Ian O’Connor is now a columnist for ESPN New York, but who knew that he also moonlights as Madam Ruby?
So two seasons and two starts later, after knee and elbow surgeries,
after his new team choked in Year 1, collapsed in Year 2 and finished
its sixth home game of Year 3 with a lost series to the unworthy
Nationals and a 2-4 record, I asked Santana if he regretted doing
business with the Mets.
Had his water been spiked with truth
serum, his answer would’ve sounded like this: “What do you think?”
He goes on:
Yes, Santana has to be wondering what in the world he’s gotten himself
into. He’s only human. That voice in the back of his head is growing
louder, moving to the front, telling him he should’ve put his money on a
There are so many things wrong with this piece that I don’t even know where to begin, but I’m mostly struck by why he would use such a tired storyline after what was only Santana’s second start of the season. Why not save this kind of junk for the middle of the summer since O’Connor surely believes the Mets are destined for another fourth place finish, or worse?
Long story short, if O’Connor tells you that your missing bike is in the basement of The Alamo, promptly ask for your money back.
(Hat tip to MetsBlog for the link)
Mets manager Terry Collins said on Wednesday, “It’s unlikely that [Steven Matz] will start the season with us.” The final spot in the Mets’ starting rotation will go to either Zack Wheeler or Seth Lugo, Newsday’s Marc Carig reports.
On Wheeler’s innings limit, assistant GM John Ricco said, “There’s going to be some number but we don’t exactly know what that is.” Wheeler missed the last two seasons after undergoing Tommy John surgery.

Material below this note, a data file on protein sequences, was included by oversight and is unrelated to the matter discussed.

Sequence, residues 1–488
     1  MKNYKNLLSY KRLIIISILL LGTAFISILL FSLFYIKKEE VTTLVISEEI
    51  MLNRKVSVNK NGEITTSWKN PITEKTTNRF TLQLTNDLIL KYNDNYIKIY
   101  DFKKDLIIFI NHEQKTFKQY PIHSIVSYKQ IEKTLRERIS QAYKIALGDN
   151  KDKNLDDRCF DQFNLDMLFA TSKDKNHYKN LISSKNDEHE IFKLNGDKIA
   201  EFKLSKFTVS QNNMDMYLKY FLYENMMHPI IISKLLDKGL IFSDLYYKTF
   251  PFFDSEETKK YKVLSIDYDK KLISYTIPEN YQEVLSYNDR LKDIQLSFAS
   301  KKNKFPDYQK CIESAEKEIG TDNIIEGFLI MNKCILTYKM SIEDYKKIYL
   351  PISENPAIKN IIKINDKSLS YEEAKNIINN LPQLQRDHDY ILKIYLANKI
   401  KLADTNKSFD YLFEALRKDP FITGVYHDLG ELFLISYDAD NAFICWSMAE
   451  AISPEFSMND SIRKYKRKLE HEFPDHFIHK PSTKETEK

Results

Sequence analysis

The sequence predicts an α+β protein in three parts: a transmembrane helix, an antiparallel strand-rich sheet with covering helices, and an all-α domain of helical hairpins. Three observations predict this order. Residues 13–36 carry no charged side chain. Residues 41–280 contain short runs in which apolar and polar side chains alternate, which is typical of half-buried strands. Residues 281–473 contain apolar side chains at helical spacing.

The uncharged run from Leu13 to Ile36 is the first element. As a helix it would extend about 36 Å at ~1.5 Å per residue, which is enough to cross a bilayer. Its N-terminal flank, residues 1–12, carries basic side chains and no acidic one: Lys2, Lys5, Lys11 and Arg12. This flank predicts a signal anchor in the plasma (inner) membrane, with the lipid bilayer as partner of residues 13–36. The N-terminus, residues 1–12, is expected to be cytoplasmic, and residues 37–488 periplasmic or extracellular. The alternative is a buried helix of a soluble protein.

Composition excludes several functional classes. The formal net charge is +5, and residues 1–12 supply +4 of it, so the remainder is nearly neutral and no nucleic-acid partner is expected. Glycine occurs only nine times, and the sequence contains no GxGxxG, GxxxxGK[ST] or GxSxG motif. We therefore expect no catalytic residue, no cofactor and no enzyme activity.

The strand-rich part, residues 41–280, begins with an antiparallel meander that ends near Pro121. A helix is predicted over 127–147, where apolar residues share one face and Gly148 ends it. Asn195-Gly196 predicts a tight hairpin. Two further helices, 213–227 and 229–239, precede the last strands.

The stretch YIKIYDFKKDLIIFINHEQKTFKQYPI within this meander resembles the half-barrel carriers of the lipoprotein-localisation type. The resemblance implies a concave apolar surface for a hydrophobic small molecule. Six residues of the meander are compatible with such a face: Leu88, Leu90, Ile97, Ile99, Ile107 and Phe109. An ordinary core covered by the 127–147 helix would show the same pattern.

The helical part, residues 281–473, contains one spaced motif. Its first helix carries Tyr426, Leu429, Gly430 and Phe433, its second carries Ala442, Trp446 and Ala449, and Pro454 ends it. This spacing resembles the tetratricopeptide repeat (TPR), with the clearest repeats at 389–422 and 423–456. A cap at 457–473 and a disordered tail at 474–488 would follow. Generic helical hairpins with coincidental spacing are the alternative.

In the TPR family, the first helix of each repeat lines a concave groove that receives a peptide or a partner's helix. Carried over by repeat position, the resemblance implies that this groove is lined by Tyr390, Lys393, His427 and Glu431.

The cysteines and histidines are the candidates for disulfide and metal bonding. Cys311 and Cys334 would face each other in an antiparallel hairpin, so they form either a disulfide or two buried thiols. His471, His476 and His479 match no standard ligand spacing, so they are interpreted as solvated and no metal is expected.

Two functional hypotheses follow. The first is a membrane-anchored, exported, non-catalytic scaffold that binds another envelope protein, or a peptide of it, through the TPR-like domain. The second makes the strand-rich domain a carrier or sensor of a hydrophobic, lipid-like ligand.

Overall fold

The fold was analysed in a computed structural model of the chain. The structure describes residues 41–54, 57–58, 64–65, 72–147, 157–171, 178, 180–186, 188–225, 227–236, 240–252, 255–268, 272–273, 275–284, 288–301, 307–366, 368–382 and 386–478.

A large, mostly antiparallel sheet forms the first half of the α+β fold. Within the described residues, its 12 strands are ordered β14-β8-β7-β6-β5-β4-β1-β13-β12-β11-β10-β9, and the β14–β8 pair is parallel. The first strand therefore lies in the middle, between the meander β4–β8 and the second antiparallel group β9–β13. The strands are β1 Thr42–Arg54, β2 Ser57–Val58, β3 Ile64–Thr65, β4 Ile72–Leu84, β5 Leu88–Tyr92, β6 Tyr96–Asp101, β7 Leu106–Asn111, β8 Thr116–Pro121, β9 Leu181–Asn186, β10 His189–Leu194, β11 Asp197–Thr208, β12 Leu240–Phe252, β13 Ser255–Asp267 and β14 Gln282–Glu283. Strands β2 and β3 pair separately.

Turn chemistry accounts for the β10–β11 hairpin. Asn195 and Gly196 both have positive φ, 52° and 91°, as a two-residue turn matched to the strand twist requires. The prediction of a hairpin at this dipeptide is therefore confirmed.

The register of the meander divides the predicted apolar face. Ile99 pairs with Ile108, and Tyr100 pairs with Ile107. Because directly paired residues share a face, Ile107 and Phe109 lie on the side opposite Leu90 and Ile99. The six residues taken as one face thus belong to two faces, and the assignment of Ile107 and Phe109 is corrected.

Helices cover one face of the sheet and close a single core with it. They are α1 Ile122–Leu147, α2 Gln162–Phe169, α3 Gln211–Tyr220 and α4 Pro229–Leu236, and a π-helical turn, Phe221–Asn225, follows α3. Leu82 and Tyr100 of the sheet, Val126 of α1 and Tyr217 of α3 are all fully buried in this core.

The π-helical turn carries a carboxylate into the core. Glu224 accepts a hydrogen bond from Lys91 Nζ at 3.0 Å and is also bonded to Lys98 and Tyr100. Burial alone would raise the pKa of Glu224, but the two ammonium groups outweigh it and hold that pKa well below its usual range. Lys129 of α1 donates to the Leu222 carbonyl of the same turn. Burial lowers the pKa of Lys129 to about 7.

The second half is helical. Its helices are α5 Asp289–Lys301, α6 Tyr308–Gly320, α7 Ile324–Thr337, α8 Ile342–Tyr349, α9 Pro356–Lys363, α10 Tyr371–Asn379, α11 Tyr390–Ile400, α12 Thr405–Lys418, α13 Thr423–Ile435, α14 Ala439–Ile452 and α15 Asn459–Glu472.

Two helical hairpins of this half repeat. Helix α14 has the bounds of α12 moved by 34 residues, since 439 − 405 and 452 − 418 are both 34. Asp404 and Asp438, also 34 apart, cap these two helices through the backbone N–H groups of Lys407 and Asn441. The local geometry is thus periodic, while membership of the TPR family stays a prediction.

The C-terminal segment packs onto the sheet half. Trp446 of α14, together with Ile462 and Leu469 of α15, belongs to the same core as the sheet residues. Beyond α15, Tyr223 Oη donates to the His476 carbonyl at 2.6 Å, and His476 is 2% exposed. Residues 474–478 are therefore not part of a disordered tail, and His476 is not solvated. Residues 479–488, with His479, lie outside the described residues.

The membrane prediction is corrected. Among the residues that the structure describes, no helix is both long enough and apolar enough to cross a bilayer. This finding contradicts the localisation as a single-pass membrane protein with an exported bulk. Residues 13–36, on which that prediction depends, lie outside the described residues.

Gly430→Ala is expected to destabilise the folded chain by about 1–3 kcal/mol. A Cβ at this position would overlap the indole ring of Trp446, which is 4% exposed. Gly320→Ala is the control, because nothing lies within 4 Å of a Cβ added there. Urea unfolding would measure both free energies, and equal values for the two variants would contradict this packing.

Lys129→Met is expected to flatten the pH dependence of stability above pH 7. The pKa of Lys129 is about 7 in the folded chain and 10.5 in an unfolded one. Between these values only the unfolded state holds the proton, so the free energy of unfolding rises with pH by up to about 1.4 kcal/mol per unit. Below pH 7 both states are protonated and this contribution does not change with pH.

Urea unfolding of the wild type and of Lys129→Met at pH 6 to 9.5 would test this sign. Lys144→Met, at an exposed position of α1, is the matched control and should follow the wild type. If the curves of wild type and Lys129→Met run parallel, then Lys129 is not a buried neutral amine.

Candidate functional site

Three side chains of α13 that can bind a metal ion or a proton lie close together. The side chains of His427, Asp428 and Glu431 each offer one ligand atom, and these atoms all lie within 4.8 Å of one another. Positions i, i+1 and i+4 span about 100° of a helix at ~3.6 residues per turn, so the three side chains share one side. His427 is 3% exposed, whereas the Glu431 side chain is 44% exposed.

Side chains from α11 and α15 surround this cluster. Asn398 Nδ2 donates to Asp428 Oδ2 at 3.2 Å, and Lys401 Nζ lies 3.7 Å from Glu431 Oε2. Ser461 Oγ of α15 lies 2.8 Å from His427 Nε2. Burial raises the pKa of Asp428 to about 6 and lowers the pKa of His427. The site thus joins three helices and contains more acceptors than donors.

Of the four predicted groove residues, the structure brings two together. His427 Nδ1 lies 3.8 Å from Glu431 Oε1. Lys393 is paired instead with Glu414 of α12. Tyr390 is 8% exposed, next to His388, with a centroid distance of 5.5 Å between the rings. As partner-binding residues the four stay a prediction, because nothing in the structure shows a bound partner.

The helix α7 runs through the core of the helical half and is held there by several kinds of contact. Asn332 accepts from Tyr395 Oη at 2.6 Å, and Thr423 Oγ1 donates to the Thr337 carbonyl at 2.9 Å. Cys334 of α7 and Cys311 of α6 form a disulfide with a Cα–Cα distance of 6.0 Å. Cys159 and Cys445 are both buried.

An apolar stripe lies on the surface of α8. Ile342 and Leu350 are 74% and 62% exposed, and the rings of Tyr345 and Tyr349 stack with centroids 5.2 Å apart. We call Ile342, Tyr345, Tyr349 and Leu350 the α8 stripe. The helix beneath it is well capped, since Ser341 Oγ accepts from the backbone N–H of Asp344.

Neither Wheeler nor Lugo have had terrific springs as each carries a 5.11 and 5.56 Grapefruit League ERA, respectively. However, Carig notes that Wheeler has impressed simply by appearing healthy and brandishing a fastball that once again sits in the mid- to high-90’s. Lugo, meanwhile, proved crucial to the Mets last year, posting a 2.67 ERA across eight starts and nine relief appearances.
Nick Groke of the Denver Post reports that the Rockies agreed to a $200 million, 30-year lease with the Metropolitan Baseball Stadium District, which is the state division that owns Coors Field. As part of the deal, the Rockies will lease and develop a plot of land south of the stadium, which will cost the team $125 million for 99 years.
As Groke points out, had the Rockies not reached a deal by Thursday, March 30, the lease would have rolled over for five more years.
Rockies owner Dick Monfort issued a statement, saying, “We are proud that Coors Field will continue to be a vital part of a vibrant city, drawing fans from near and far and making our Colorado residents proud.”
The Rockies moved into Coors Field in 1995. It is the National League’s third oldest stadium. In that span of time, the Rockies have made the playoffs three times, the last coming in 2009 when they lost in the NLDS to the Phillies. The Rockies were swept in the 2007 World Series by the Red Sox.